CRYSTAL PALACE 1
Milivojevic 81 pen
BY MATT WOOSNAM AT ST JAMES’ PARK
Six times this season, Wilfried Zaha has been fouled inside the penalty area. Six times, Luka Milivojevic has stepped up and despatched the resultant spot kick.
Sending the goalkeeper the wrong way from 12 yards is something of a speciality for Milivojevic, who is now only one away from equalling Andrew Johnson’s club record of netting 11 penalties in one season.
It is remarkable to watch the Serbian’s innate coolness under pressure in those moments, and while manager Roy Hodgson said he may never feel confident about the success of those chances, very few would bet against it providing a positive outcome.
At Newcastle, the penalty, as so often is the case, came after Zaha had burst into the penalty area only to be brought down by a defender. In this case, it was DeAndre Yedlin who tripped the makeshift striker after an excellent Aaron Wan-Bissaka challenge brought Palace up the pitch and allowed Zaha to run at the Newcastle backline. The Ivorian had done well to evade Fabian Schar’s mistimed attempt only moments earlier, and as soon as he flicked the ball behind him and turned Yedlin, there was only ever to be one result; a foul.
Usually conservative, Roy Hodgson opted to mix things up, partnering the 26-year-old with Michy Batshuayi in a front two, ditching the 4-3-2-1 formation which proved so ineffective at Tottenham last week.
Playing very central, Zaha opted to come deep to receive the ball, on occasion swapping roles with Andros Townsend on the right or Jeffrey Schlupp on the left.
But it was dull, dull, dull. Some mitigation can be found in noting that Palace had not emerged victorious at Newcastle in 21 years, and it is clear that Hodgson is intent only on gaining results, however they come. Not unreasonable, but sport is entertainment, results are only an element of that.
Palace were fortunate not to fall behind on at least two occasions in the first-half. Firstly, when Vicente Guaita flapped at a ball into the area and Florian Lejeune blazed over, and latterly when the Spanish goalkeeper saved well from Matt Ritchie. In between, he failed to reach a ball across goal which Salomon Rondon bundled home only to see the assistant referee’s flag raised for offside.
Towards the end of an opening 45 minutes in which the hosts were dominant, Palace thought they had the lead when James Tomkins guided Milivojevic’s corner into the back of the net, but it was the Eagles’ turn to have a goal ruled out for offside. Replays showed James McArthur interfering with play having stood in an offside position blocking Martin Dubravka’s sight line.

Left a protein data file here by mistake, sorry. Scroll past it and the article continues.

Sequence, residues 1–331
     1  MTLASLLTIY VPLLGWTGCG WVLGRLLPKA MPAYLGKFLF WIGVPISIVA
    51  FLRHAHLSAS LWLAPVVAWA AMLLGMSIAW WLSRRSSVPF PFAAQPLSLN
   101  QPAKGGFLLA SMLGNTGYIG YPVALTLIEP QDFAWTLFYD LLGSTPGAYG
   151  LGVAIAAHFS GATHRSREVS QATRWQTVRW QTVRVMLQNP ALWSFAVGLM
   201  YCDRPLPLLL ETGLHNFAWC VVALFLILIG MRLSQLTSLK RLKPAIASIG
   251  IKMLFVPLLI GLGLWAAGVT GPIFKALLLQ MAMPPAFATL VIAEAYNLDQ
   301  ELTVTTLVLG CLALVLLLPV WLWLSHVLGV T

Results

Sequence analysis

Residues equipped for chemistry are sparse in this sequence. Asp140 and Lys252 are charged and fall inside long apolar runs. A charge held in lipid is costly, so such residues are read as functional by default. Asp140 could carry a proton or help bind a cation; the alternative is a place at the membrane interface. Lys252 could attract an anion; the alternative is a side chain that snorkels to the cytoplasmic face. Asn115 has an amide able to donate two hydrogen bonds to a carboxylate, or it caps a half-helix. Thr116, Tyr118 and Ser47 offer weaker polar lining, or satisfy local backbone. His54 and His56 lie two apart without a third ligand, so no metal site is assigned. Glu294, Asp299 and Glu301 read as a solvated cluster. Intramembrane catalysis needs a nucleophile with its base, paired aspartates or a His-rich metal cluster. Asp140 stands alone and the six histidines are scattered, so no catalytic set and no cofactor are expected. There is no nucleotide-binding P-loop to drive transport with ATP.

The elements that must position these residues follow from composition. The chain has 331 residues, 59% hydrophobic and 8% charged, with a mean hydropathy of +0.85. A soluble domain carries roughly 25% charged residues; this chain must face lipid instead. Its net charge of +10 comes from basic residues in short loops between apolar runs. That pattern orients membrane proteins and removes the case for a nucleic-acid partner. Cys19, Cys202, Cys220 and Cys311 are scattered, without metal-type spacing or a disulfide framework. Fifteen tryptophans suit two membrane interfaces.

A general lack of momentum has added to the underwhelming feeling that has come in the latter stages of this season. Palace have had just two shots on target in their last two matches. They have failed to build up any run of consistent form, primarily due to the abysmal record at Selhurst Park. It begs a question – where do they go from here?
James Tomkins pulled up with a groin injury, but it mattered not when Zaha was brought down and Palace’s skipper netted yet another penalty to earn an unlikely win with their only shot on target of the entire game.
Should the centre-back be missing for the remainder of the season, then academy youngster Sam Woods would prove a better option than Scott Dann, whose knee injury seems to have robbed him of any pace he had left.
Against Manchester City and Arsenal experience may be more necessary, but there is little risk and high reward in giving Woods a chance – this is not a question of throwing in an untested youngster for the sake of it. He travels regularly with the squad and has been integrated into the first-team set-up.
It is entirely possible to expect more from a team and equally appreciate that in spite of perceived underachievement – be it results or performances – that Palace have done reasonably well this season. The two are not mutually exclusive.
Attention will surely turn to next season with safety essentially assured, irrespective of what key figures may say in public. The key question which will linger over the summer is whether they will be able to resist any bids for Zaha or Wan-Bissaka.
It was the pair who combined for the goal. Wan-Bissaka made an inch-perfect challenge to win the ball which ran loose for Zaha to race away. Credit must also go to referee Stuart Attwell, who refused to give in to the baying home crowd and ignored requests for a Newcastle free-kick.
There is surely a greater chance of the right-back departing. It is an easier position to replace than a key attacker who scores and creates chances, changes games. Were a bid of £50million to come in, it’s hard to see how Palace could turn it down, particularly having posted a £35m loss in their latest set of accounts, largely due to player amortisation – the result of having sold very few players in recent seasons.
It is perhaps fortunate that Zaha’s form has mirrored that of his team’s – stop-start, stuttering – but his importance seems to always become apparent even in games where he otherwise does little. That will put off potential suitors, much to Palace’s delight.
Crystal Palace (4-4-2): Guaita 6, Wan-Bissaka 7, Tomkins 6 (Dann, 73), Van Aanholt 6, Townsend 5 (Kouyate 85), McArthur 5, Milivojevic 6, Schlupp 5, Batshuayi 5 (Benteke 65, 6), Zaha 7. Not used: Hennessey, Ward, Woods, Ayew.
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